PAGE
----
Subtlety and Nuance: A Brewer’s Beer


The prince is a big fan of Zwanze!

One thing I miss when I was brewing more often was the chance to try out a bunch of different beers in a session. At a brew night, I’d sample close to ten or twelve beers but not have to worry about drinking the whole bottle. As I’m brewing less often I’m finding that I really enjoy having something lighter, but interesting to drink along side a larger bomber.

Dirty keg is dirty; fixing that!

Until I finish this batch, I’ll have to make due with some Han’s PIls

As with many brewers, profession and otherwise it’s a great enjoyment to drink beer while working. In some cases any beer is fine, but when there’s a long day and one would like to stay sharp, the lighter, refreshing (dry) beers tend to be a favorite. This has has proven true for myself. I can recall a number of brewery mishaps after a long brew night (and beer sampling session) due to a lack of lighter beers. A perfectly reasonable solution is to have lots of lighter, flavorful choices available.  If you’re not into the lighter stuff, then you might be into the complexity; some might say the subtlety and nuance of these expressive beers.

Soon you'll be filled with funk and sour!

It was a great day to sip a refreshing beer in the yard.

My recent brews have been stronger, longer aged brews which leaves my taps devoid of anything lighter so I figured it was time to remedy that situation.  My previous brews using the Jester King mixed-culture fermentation have been more successful using an initial hotter fermentation, 75F up to 90F for roughly a week, or however long it takes to get below 1.010 S.G.  After that point, lowering the temperature allows the souring bacteria to take root and bring the pH down under 3.6 for some solid sour flavor.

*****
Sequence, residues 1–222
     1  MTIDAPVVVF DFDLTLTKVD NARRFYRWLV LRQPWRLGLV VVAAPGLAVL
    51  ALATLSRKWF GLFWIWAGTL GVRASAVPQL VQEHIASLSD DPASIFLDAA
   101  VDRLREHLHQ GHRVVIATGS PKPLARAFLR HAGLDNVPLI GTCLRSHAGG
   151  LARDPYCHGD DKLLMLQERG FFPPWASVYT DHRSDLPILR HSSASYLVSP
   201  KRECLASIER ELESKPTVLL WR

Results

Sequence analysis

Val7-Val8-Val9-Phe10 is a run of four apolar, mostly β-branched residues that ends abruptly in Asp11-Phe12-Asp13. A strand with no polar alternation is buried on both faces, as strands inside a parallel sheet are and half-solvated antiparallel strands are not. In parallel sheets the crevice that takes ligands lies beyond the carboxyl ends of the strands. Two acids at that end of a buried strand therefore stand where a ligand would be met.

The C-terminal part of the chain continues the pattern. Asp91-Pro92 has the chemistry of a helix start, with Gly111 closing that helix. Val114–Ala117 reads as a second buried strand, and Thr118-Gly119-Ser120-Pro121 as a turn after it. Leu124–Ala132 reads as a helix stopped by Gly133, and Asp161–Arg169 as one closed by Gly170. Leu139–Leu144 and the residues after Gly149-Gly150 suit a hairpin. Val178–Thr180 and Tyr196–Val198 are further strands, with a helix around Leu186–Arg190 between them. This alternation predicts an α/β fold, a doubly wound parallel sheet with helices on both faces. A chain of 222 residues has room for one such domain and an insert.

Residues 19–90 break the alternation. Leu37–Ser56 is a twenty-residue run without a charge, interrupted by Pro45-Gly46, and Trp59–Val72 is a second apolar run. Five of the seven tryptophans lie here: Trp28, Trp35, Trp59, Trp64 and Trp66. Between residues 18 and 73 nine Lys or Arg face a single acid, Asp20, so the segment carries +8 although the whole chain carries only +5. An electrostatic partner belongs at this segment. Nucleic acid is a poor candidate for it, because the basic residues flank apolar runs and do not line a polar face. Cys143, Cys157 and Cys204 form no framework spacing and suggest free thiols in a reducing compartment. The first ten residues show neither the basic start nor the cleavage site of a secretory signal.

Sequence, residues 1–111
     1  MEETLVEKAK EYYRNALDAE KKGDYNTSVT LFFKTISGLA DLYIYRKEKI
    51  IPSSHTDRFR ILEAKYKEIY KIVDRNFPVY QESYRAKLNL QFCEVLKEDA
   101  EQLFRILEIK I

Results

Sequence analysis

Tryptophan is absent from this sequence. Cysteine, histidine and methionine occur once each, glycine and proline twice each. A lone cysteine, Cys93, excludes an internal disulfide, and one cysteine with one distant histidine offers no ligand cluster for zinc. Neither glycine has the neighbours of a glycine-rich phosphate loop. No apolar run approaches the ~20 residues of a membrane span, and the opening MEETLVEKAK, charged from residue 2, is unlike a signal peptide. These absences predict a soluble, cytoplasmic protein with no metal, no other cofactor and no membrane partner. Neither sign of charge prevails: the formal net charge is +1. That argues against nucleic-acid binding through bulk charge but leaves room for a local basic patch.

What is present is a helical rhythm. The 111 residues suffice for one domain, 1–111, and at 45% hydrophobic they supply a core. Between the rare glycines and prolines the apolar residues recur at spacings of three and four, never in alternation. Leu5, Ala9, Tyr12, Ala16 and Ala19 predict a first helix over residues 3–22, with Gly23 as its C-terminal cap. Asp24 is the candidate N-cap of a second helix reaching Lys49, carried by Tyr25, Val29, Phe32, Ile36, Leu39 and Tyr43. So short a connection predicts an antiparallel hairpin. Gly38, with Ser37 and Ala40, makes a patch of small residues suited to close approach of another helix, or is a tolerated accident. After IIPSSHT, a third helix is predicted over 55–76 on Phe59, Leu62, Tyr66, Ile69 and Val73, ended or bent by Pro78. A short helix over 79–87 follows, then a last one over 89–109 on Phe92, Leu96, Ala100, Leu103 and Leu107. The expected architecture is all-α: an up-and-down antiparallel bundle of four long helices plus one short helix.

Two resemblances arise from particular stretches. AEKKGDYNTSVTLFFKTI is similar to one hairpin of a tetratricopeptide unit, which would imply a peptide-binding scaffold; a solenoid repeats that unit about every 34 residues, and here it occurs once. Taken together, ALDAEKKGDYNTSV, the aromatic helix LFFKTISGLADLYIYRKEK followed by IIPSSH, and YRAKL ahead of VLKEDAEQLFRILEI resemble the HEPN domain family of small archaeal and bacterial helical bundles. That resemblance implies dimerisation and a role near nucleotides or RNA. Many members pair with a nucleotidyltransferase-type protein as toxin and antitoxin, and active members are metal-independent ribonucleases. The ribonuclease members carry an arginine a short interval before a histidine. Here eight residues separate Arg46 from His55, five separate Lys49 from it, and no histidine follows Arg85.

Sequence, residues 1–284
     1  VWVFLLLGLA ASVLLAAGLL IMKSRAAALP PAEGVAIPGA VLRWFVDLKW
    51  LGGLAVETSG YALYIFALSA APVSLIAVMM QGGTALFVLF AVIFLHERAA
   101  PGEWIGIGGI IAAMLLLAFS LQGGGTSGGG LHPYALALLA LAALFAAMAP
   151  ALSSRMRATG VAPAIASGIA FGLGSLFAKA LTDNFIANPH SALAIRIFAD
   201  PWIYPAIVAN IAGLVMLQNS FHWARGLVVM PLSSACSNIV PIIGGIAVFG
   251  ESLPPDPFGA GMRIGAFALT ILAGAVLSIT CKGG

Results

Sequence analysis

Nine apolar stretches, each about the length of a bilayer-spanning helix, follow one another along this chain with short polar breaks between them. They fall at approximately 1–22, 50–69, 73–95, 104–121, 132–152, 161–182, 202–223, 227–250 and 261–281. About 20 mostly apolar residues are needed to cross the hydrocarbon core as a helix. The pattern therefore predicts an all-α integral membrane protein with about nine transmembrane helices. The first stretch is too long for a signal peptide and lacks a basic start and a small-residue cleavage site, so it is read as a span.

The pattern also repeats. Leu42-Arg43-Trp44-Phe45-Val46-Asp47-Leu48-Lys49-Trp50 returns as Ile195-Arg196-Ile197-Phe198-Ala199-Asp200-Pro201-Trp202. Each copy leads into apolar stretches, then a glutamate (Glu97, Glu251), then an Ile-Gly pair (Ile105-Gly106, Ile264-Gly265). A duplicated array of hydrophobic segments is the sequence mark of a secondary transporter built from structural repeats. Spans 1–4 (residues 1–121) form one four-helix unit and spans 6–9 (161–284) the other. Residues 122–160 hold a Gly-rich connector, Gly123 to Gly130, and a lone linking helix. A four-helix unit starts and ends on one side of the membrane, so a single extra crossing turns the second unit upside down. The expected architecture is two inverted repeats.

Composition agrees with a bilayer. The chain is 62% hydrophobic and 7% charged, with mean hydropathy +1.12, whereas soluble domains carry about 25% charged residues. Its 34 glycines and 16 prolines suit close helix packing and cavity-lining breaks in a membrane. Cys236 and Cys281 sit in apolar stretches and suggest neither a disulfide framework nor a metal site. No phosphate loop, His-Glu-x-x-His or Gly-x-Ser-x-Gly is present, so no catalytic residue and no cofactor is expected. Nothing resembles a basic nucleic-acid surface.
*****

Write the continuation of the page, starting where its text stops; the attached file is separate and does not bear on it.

I’m a huge fan of a local pub, Pinthouse Pizza’s Calma Muerta, a session IPA with huge flavors and strong bittering.  I’ve got that on my list to brew next yet my good friend suggested that we start experimenting with cultivating a high level of funk out of the Jester King yeast since we’ve got a good hold on target gravity and souring methods.  Besides producing an excellent lighter beer, ala, Jester King’s Le Petite Prince, exercising the funk in this brew will help in our sour-aged hot sauce experiments.

For this brew I’m adapting the homebrew recipe Jester King posted and supplying my ingredients.  I’m really excited to give such a lighter brew a go!  Enjoy.

Recipe Details

Batch Size Boil Time IBU SRM Est. OG Est. FG ABV
6 gal 90 min 20.6 IBUs 2.3 SRM 1.026 1.004 2.9 %
Actuals 1.046 1.01 4.7 %

Style Details

Name Cat. OG Range FG Range IBU SRM Carb ABV
Saison 17 2 1.048 - 1.065 1.002 - 1.012 20 - 35 5 - 14 2.2 - 2.8 5 - 7 %


Name Amount %
Pilsen (BestMälz) 5 lbs 83.33
Wheat (BestMälz) 1 lbs 16.67


Name Amount Time Use Form Alpha %
Goldings, East Kent (2011) 1 oz 60 min Boil Pellet 3.2
Fuggles 1 oz 10 min Boil Pellet 3.7
Fuggles 0.5 oz 20 min Aroma Pellet 3.7
Goldings, East Kent (2011) 0.5 oz 20 min Aroma Pellet 3.2
Fuggles 0.5 oz 7 days Dry Hop Pellet 3.7
Goldings, East Kent (2011) 0.5 oz 7 days Dry Hop Pellet 3.2


Name Amount Time Use Type
Phosphoric Acid 9.60 ml 60 min Mash Water Agent
Calcium Chloride 0.60 g 60 min Mash Water Agent
Epsom Salt (MgSO4) 0.60 g 60 min Mash Water Agent
Gypsum (Calcium Sulfate) 0.60 g 60 min Mash Water Agent


Name Lab Attenuation Temperature
Jester King Mixed Culture (JK01) Jester King 84% 65°F - 77°F


Step Temperature Time
Saccharification 152°F 60 min
Mash Out 168°F 10 min